A five-year Climate-Smart Agriculture (CSA) Action Plan has been launched by the Ministry of Food and Agriculture (MoFA) to serve as a vehicle for the implementation of the Agriculture and Food Systems Strategies of the National Climate Change Policy (NCCP) from 2016 to 2020.
The government launched the NCCP in July 2014 to serve as a framework to effectively address Climate Change in the country’s development agenda, while the CSA Action Plan was also formulated with the assistance of Climate Change, Agriculture and Food Security (CCAFS) Africa, through the International Crops Research Institute for the Semi-Arid Tropics (ICRISAT)
At the launch of the 54-page document on Thursday, the Deputy Minister of Food and Agriculture in charge of Crops, Dr Alhassan Yakubu Ahmed, said: “Climate change has moved from just a scientific subject to become an increasingly important development issue that requires the attention of all, especially those of us in sub-Saharan Africa.”
He stated that the main indicators of climate change that were of much concern in Ghana were increasing temperatures, rainfall variability and longer dry seasons.
According to Dr Ahmed, a report from the Monitoring Environment and Security for Africa, a partnership between the African Union and the European Union to monitor Climate Change Issues, had forecasted that in the first quarter of 2016, “most places will experience much lower rainfall than previously.”
He, therefore, asked policy implementers to ‘put their eye on the ball’ as such conditions affected food security.
Dr Ahmed explained that what accounted for the 0.04 per cent growth in the agriculture sector last year was the warm weather in the country, adding that Ghana’s average rainfall in the last 10 years was about 15 per cent lower than the average rainfall in the past.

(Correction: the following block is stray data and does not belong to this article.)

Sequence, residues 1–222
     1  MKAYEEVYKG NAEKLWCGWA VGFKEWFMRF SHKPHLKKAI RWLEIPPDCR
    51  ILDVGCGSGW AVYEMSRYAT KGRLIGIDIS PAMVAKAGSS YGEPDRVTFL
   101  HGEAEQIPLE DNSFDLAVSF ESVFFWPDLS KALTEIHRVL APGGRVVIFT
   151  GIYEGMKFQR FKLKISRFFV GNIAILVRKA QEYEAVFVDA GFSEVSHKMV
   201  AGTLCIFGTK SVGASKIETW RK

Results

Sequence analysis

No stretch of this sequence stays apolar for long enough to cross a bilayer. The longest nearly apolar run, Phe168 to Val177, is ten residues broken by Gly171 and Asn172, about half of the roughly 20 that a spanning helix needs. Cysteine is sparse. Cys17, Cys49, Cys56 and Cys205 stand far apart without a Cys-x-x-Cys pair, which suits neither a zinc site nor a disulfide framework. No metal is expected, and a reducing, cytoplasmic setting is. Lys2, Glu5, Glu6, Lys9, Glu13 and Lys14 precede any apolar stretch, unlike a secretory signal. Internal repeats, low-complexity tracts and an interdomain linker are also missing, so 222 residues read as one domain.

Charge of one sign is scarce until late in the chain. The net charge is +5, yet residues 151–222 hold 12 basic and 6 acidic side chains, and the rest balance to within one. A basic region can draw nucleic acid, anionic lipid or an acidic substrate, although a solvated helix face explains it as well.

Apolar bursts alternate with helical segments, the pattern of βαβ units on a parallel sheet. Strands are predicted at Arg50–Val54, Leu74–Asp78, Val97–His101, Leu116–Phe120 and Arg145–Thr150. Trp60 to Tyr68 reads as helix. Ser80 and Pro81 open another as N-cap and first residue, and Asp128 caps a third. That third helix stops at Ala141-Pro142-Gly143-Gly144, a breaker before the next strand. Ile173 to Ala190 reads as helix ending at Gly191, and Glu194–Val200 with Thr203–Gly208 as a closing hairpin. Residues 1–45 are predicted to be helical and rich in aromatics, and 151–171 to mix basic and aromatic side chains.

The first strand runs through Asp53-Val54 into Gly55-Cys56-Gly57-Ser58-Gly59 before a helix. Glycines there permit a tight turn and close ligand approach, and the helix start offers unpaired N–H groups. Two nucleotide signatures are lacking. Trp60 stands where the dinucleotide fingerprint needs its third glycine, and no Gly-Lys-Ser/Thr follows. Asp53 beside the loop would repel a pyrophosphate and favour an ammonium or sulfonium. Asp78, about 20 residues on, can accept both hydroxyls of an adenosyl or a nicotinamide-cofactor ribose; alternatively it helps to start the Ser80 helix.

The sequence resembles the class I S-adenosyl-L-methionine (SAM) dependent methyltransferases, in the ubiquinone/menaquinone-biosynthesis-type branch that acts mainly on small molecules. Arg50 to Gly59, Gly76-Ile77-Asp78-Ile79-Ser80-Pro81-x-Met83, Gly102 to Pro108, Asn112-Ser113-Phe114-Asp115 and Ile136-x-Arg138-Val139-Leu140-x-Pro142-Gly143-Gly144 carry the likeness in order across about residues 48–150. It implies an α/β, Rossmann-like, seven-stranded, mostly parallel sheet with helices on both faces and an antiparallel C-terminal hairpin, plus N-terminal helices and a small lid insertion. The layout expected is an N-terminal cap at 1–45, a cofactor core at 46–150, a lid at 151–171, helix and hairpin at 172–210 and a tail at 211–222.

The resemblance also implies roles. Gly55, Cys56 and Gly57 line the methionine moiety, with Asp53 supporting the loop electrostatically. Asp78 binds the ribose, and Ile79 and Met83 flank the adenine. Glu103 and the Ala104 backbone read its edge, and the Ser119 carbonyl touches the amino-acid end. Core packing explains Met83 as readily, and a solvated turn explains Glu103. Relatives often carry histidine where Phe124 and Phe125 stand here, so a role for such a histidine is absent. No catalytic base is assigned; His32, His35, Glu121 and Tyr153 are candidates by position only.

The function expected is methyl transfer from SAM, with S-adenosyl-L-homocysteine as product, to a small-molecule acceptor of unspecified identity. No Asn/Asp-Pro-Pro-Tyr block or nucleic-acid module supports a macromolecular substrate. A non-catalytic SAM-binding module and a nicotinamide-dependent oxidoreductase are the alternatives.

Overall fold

He, therefore, said the CSA Action Plan sought to achieve coherence and effectiveness in the promotion and adaptation of Climate Smart agriculture supporting technologies.
In an interview with the Daily Graphic, a Director of Agriculture at MoFA, Delali Nutsukpo, said an action plan had been developed for the agriculture sector to facilitate the implementation of the strategies outlined in the NCCP.
“The major difference between this document and the strategies in the policy is that we have outlined activities based on the priorities of each of the agro ecological zones, because Climate Change is not an issue that is one size fits all because the impacts are different for different ecological zones,” he said.
He stated that the name Climate-Smart Agriculture had been given because activities in the plan were aimed at building resilience, adaptation to nature, reduction of greenhouse gas emissions and support of productivity increases to promote poverty reduction and development.
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